In the Barracks in Philadelphia and at Lancaster, in the State of Pennsylvania, there were a number of new Recruits, who had been enlisted since the months of December and January last, and who had not yet taken the field; these Soldiers having not been brought under any regular discipline, made many objections against accepting their discharges and gave their Officers reason to fear some difficulty in getting rid of them; but the Secretary at War thought he had satisfied them by assuring them of the like pay with the rest of the army. On the 15th. of June a petition was received from the Serjeants, requiring a Redress of their grievances, in a very turbulent and indecent Style, of which no notice was taken;9 but on the 18th. we received the letters No. 1 and 2.1 A Committee was immediately appointed to confer with the Executive Council of Pennsylvania, and to endeavour to get them to call out the Militia to stop the Mutineers; but to no purpose;2 the Council thinking that the Citizens would not choose to risque themselves when fair means might do. The first Report of the Committee, contained in No. 3 will shew their proceedings.3 On the 19th. the troops arrived and joined those at the Barracks in the City, who had been encreased in number by a few companies of old Soldiers arrived the day before from Charles Town. The whole being very orderly and quiet, Congress adjourned on Friday the 20th., as usual, till Monday morning. On the 21st. one of the Committee called on me and informed, that the Soldiers at the Barracks were very disorderly and had cast off the authority of their Officers—that it was suspected they had a design, the following night, against the Bank; and advised me to call Congress without delay. This I did, to meet in half an hour. The Soldiers by accident hearing of it, very fortunately hastened their designs a day or two sooner than was intended. The Members of Congress had just got together, except one, when the State House (in which also The President and Supreme Executive Council were then sitting) was surrounded by about three hundred armed Men with fixed Bayonets under the command of seven Serjeants. Congress immediately sent for Genl. St. Clair4 and demanded the reason of this hostile appearance, who informed of his having just arrived in Town from his seat in the Country in obedience to the orders of Congress of the day preceding; that he had received information from the Commanding Officer of the mutinous disposition of the Troops, who had marched from the Barracks contrary to the orders of their Officers; and that the Veteran Troops from Charles Town had been unwillingly forced into the measure. The President of the State then appeared, and produced the insolent paper of which No. 45 is a copy, which had been sent into him by the Serjeants.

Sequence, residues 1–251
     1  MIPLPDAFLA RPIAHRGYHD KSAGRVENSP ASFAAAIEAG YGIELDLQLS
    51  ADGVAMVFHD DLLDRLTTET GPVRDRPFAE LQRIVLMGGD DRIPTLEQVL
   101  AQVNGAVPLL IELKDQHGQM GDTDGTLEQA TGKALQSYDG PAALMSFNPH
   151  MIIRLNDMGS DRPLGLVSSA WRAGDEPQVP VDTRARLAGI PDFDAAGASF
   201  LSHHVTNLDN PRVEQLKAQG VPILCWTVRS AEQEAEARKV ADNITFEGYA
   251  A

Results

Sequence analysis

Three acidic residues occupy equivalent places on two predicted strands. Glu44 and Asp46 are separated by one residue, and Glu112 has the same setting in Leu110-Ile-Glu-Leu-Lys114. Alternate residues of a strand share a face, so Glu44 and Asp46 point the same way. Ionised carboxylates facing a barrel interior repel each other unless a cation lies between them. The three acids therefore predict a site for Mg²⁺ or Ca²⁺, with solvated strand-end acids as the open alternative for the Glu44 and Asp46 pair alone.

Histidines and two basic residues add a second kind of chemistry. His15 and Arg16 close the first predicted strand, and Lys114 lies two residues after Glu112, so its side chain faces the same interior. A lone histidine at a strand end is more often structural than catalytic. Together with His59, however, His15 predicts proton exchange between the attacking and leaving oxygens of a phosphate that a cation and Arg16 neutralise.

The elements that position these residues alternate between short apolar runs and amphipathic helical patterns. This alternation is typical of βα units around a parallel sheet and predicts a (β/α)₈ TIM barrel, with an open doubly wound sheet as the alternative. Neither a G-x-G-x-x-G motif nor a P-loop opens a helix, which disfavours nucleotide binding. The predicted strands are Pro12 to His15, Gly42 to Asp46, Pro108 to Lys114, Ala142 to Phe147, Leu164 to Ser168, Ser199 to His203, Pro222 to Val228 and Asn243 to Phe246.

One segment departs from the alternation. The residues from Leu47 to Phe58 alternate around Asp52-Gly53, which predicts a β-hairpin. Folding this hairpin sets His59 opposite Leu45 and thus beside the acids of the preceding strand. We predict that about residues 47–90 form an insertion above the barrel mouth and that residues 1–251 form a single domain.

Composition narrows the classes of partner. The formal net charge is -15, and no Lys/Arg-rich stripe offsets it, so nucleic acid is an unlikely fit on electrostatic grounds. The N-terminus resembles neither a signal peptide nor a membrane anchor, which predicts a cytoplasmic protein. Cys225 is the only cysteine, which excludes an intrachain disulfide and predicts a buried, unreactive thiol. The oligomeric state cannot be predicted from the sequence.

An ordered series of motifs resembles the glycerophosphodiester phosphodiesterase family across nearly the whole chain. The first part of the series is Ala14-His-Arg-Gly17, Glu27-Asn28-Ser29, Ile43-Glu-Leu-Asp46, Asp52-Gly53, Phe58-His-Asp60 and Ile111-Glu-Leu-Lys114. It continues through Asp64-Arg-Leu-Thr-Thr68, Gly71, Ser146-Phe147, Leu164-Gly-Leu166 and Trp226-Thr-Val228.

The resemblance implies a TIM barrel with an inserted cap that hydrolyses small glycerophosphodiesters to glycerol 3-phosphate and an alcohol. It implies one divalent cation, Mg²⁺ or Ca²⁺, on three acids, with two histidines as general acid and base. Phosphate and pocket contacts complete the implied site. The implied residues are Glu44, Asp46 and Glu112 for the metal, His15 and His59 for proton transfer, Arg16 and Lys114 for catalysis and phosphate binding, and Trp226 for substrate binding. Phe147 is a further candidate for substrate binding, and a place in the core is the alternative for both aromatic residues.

Congress determined they would enter on no deliberations while thus surrounded; but ordered Genl. St. Clair immediately to endeavour to march the Mutineers back to the Barracks by such means as were in his power.